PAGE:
Cisplatin-epirubicin-paclitaxel weekly administration in advanced breast cancer: A phase I study of the Southern Italy Cooperative Oncology Group

Giuseppe Frasci, Giuseppe D'Aiuto, Pasquale Comella, Anna Apicella, Renato Thomas, Immacolata Capasso, Maurizio Di Bonito, Giacomo Cartenì, Maria Biglietto, Luigi De Lucia, Luigi Maiorino, Sergio Piccolo, Ugo Bianchi, Roberta D'Aniello, Liliana Lapenta, Giuseppe Comella

Research output: Contribution to journalArticlepeer-review


Purpose: Both cisplatin and epirubicin have been shown to enhance the antitumor activity of paclitaxel in vitro. Weekly administration could result in a substantial improvement in the therapeutic index of cisplatin and paclitaxel. This study was aimed at determining the MTDs of epirubicin and paclitaxel given weekly with a fixed dose of cisplatin. Patients and Methods: Sixty-three breast cancer patients with advanced disease (24 locally advanced and 39 metastatic), who had not received prior chemotherapy (except adjuvant), received weekly cisplatin (CDDP) doses of 30 mg/m2 together with escalating doses of paclitaxel (PTX) and epirubicin (EPI) for a minimum of six cycles. The dose escalation was stopped if DLT occurred during the first six treatment cycles in > 33% of patients of a given cohort. Results: Nine different dose levels were tested, for a total of 506 weekly cycles delivered. G-CSF support on days 3-5 of each week was also given in the last four cohorts (24 patients). An overall 11 patients showed DLT in the first six cycles. EPI and PTX doses up to 40 and 85 mg/m2/week, respectively, were safely delivered without G-CSF support. However, the actually delivered mean dose intensity was only 64% in this cohort. Therefore, the dose escalation continued with the addition of filgrastim from day 3 to day 5 each week. Doses of EPI and PTX up to 50 and 120 mg/m2/week were administered without observing DLT in the first six cycles in more than one third of the patients enrolled. No toxic deaths were observed. Only two patients had to be hospitalized because of sepsis. Grade 3-4 neutropenia, thrombocytopenia, and anemia occurred in 25, 9, and 16 patients, respectively. Alopecia was almost universal. Other nonhematologic toxicities were generally mild, being of grade 3-4 in only eight patients (fatigue and loss of appetite in two cases, diarrhoea in four cases, peripheral neuropathy and mucositis in one case). Fifteen complete and 37 partial responses have been registered for an 82% (95% CI = 71-91) overall clinical response rate (ORR). Eight complete and 14 partial responses occurred in the 24 patients with locally advanced disease, for a 92% (95% CI = 73-99) ORR, as compared to seven complete and 23 partial responses in the 39 women with metastatic disease, 77%, (95% CI = 61-89). A clear dose-response relationship was not observed, since an overall response rate of at le;ast 70% was achieved at all dose levels. However, the ORR increased to 92% in the last four cohor ts which included patients who received higher doses of EPI and PTX with G-CSF support. All of the 24 patients with locally advanced disease underwent modified radical mastectomy with axillary dissection. Three of them showed no invasive cancer on pathologic examination, and in another five patients a tumor smaller than 1 cm was found in the surgical specimen of the breast. At a nine-month median follow-up (range 2-14), 11 patients have progressed and three have died. Twenty-three out of 24 patients who underwent surgery are still free from progression. The one-year projected progression-free survival is 77% for the whole population. Conclusions: The CDDP/EPI/PTX weekly administration is a well tolerated and very effective approach in advanced breast cancer patients. Full doses of all the three drugs can be delivered even in absence of G-CSF support. A very impressive increment of the dose-intensity can be obtained, however, by adding filgrastim. A phase II study is under way to better define the therapeutic efficacy of this regimen in patients with advanced breast cancer.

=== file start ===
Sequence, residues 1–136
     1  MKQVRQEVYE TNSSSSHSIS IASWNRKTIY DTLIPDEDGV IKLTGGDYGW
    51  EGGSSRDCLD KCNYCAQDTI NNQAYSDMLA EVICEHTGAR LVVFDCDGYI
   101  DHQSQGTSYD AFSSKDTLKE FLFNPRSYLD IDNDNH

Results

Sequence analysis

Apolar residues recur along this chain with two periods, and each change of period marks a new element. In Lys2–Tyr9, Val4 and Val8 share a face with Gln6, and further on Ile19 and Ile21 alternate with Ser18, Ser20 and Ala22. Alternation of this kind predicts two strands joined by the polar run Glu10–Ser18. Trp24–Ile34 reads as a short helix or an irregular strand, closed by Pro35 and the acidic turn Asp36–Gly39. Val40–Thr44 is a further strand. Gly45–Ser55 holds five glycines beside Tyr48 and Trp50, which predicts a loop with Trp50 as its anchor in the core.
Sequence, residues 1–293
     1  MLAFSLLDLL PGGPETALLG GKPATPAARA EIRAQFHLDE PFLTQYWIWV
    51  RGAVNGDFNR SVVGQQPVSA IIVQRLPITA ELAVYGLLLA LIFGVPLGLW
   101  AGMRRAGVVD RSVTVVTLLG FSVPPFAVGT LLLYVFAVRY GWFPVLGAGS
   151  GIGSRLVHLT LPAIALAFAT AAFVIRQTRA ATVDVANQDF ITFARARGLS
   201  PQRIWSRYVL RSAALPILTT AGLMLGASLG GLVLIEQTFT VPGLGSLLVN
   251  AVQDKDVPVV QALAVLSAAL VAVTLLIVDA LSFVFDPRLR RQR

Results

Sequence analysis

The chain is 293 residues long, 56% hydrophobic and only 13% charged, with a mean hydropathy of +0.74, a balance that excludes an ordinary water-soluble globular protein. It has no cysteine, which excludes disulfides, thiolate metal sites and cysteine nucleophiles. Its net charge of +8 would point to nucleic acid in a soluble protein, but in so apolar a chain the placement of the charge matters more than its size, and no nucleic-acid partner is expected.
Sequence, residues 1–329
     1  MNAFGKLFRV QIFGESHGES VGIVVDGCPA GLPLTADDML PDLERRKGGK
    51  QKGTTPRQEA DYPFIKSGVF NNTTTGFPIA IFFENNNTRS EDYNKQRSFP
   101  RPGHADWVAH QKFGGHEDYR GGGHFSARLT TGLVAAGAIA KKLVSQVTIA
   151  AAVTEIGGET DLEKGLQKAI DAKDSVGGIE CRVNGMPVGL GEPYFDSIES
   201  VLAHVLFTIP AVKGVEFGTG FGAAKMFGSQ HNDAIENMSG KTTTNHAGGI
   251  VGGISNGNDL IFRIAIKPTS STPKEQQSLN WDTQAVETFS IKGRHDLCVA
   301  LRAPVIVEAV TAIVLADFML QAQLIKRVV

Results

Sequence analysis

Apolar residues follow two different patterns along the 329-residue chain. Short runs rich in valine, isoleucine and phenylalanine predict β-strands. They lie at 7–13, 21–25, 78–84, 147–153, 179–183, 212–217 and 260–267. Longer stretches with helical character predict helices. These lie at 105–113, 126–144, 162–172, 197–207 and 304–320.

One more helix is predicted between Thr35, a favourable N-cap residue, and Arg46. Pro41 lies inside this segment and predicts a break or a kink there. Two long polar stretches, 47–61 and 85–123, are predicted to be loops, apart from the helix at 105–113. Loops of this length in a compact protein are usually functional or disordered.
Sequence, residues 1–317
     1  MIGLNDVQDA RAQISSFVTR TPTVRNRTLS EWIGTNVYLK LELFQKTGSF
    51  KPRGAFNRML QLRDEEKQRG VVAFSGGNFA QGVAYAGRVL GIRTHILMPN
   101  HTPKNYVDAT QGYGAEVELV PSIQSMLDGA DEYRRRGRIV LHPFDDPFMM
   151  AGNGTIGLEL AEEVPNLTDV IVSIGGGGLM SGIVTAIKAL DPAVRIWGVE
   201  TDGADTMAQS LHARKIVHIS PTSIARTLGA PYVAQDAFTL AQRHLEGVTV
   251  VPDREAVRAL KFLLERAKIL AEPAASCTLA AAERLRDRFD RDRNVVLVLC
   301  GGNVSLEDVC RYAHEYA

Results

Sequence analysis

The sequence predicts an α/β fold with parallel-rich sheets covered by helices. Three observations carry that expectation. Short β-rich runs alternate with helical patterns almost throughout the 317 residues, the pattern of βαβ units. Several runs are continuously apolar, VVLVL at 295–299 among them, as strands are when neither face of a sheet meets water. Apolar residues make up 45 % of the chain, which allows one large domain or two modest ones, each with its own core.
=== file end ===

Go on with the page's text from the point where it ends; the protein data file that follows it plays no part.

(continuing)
Original languageEnglish
Pages (from-to)239-252
Number of pages14
JournalBreast Cancer Research and Treatment
Issue number3
Publication statusPublished - 1999


  • Breast cancer
  • Cisplatin
  • Epirubicin
  • Paclitaxel
  • Weekly administration

ASJC Scopus subject areas

  • Cancer Research
  • Oncology

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